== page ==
On September 7, 2018, the U.S. Department of Labor’s Bureau of Labor Statistics announced the most recent employment numbers for the United States. As of August, total payroll employment had increased by 201,000, and the unemployment rate remained at 3.9%. The positive trend has also impacted an often-overlooked category of potential employees: disabled adults of prime working age.
Employment for this group has been steadily rising in recent years. For example, the Bureau of Labor Statistics reported on June 21 of this year that 18.7 % of disabled adults of prime working age (25-54) were employed in 2017 (compared with 65.7% of those without a disability). The news overall was good; the employment-population ratios for both persons with and without disabilities had increased from 2016 to 2017.
Highlights from the 2017 data included:
- Nearly half of all persons with a disability were age 65 and over, three times larger than the share of those with no disability.
- Across all age groups, the ratio of persons employed continued to be much lower for persons with a disability than for those with no disability.
- In 2017, 32 percent of workers with a disability were employed part-time, compared with 17 percent for those with no disability.
Other reports have noted that people with disabilities tend to be employed at higher rates in regions with tighter labor markets where a larger share of the overall working-age population is employed and tend to have higher employment rates as their educational levels increase.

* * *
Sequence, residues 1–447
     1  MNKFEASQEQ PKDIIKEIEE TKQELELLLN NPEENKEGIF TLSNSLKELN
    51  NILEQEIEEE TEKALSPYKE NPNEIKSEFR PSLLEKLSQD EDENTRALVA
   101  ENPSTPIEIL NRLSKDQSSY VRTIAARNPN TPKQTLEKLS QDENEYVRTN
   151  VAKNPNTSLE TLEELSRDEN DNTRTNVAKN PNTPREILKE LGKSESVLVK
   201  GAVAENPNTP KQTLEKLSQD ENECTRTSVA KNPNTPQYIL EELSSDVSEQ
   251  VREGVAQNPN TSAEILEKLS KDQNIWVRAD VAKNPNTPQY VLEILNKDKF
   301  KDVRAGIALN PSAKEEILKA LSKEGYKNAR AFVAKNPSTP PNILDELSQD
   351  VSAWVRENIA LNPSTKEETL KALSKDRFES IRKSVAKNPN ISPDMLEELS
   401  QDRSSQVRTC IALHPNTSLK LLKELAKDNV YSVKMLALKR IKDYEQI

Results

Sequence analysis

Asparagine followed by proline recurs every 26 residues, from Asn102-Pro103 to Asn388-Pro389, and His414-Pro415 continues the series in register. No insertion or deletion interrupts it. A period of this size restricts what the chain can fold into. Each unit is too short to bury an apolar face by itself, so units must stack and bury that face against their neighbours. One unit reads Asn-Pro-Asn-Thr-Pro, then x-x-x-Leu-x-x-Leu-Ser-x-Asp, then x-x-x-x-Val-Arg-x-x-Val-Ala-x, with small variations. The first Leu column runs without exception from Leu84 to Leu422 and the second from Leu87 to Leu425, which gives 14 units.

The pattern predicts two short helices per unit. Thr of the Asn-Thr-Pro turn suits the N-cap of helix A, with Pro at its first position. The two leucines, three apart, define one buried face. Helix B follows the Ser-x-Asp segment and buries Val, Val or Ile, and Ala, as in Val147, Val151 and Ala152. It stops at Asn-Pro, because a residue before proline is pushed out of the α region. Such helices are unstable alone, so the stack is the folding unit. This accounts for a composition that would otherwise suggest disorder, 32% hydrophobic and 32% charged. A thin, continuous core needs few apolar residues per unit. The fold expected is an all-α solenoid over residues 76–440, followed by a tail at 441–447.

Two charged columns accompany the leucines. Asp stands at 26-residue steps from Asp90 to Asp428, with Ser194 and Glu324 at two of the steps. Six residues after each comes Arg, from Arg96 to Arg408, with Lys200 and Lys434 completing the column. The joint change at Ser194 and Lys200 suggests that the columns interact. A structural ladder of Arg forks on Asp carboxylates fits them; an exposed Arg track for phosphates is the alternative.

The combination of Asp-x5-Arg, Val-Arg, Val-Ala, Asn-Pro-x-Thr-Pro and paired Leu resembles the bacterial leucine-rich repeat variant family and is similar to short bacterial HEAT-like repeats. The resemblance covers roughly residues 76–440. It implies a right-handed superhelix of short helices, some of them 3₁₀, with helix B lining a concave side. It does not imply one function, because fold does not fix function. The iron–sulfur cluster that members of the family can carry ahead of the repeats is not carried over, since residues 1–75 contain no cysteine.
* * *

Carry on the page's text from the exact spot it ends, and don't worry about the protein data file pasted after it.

Although there is still plenty of room to improve, this increase in employment of disabled adults is part of a growing trend. As one economist wrote recently, after many years (including during the 2001 and 2008 recessions) of relatively rapid increase in the number of Americans citing disability as a reason not to work, this number has begun to steadily fall for the past four years. And, the news is good for the market as a whole; some economists have opined that the labor market’s ability to show this type of change and growth indicates that there is still room for employment numbers to continue to improve even further for everyone. If that’s true, and the market continues to grow, it appears likely that more working-age adults with disabilities will seek employment, increasing the pool of applicants available to employers across the country. Prudent employers should pay attention and take advantage of the increased opportunity to widen and diversify their workforce. While there can be challenges in hiring workers with disabilities, many employers report that disabled workers are among their most loyal and hardworking, and have a much lower rate of turnover than non-disabled employees. In a tight labor market, those factors have real value.